Tuesday, June 19, 2012

You Know Those SPI Recycling Symbols? They Show That The Plastic Is Recyclable, Not Biodegradable

Last week while eating dinner in a restaurant [1], I overheard someone at the next table explaining to her dining companions the meaning of SPI recycling symbols, such as this one:
The topic came up as this table of elderly diners were packing up their unfinished portions in plastic containers provided by the restaurant. At first, the conversation was about the microwavability of the containers, but then it went on to the SPI symbols which were visible on the top of their plastic boxes. One women clearly stated (and was not challenged by the three other people at her table) that the symbols meant that the containers were biodegradable. The three arrows in a circle were used to show that the container "would return to the earth", and then without taking a break, she then looked at her husband and said "just like what's going to happen to you soon".

As you can imagine, I was quite surprised that someone would think this (about the symbols, not her husband). While it is understandable that someone could create this illusion by themselves if the symbols were only recently introduced, the symbols have been around for decades, well before biodegradability become the rage that it currently is [2]. How a 20-year old recycling code could morph in someones mind into a biodegradable code is beyond me.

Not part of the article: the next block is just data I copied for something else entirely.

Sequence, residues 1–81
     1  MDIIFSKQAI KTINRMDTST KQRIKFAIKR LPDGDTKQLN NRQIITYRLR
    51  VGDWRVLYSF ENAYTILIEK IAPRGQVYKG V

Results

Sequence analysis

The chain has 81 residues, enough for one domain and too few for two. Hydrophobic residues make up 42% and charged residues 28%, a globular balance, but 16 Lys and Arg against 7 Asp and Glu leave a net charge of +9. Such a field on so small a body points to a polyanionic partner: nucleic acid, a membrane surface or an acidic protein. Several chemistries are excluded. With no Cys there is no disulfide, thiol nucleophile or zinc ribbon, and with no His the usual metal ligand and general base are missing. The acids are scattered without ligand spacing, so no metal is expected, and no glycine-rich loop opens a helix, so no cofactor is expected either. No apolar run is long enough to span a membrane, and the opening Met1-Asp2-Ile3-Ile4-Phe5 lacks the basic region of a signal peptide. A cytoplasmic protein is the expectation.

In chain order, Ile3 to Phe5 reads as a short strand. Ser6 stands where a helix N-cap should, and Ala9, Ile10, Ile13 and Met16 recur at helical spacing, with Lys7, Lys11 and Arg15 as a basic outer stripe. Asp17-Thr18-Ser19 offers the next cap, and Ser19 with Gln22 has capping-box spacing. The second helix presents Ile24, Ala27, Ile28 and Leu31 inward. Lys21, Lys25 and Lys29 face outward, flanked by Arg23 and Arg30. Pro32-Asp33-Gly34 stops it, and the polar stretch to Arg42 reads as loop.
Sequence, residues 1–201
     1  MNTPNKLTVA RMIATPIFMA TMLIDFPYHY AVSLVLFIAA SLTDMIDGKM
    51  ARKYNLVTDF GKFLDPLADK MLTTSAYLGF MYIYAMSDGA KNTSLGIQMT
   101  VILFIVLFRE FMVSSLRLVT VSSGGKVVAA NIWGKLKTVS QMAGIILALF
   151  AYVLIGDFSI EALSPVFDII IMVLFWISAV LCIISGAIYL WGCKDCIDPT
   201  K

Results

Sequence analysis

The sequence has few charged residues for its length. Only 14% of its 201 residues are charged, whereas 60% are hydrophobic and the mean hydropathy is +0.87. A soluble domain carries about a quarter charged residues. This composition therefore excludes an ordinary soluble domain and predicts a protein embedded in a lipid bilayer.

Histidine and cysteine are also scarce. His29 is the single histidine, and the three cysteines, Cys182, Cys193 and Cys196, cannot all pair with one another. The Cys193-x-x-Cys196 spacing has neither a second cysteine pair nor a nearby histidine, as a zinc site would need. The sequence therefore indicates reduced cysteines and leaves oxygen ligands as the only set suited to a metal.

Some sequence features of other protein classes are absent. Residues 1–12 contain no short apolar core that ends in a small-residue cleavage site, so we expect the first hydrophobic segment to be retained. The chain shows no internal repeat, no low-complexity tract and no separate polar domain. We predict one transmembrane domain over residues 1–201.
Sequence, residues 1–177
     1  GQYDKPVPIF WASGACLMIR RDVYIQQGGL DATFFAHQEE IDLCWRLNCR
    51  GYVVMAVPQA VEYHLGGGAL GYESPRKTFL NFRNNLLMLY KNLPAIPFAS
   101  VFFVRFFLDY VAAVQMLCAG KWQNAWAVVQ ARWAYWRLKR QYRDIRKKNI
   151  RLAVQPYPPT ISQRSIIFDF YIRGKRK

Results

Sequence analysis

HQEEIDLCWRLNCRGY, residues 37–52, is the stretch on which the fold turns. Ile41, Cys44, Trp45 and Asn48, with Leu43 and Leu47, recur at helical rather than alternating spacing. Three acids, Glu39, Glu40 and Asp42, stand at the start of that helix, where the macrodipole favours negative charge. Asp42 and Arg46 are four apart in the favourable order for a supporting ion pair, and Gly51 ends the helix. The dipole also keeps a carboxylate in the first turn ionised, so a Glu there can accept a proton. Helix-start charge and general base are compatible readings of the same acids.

I decided that discretion was the better part of valor and did not try to correct her. Embarrassing her in front of her husband and friends would not have helped our cause, and beyond that, I seriously doubted it would have done much good anyway.

[1] It was a wonderful seafood dinner on the restaurant's dock overlooking the water in Newport Beach, California. Jealous yet?

[2] I am well aware of earlier efforts (and the resulting blowback) from circa 1990 to create "biodegradable" plastics, such as when cornstarch was added to polyethylene to create "biodegrable polyethylene" garbage bags. But it has only been in the last few years when polylactic acid hit the big time that the general public has really had to think about the difference between recycling and biodegradation.

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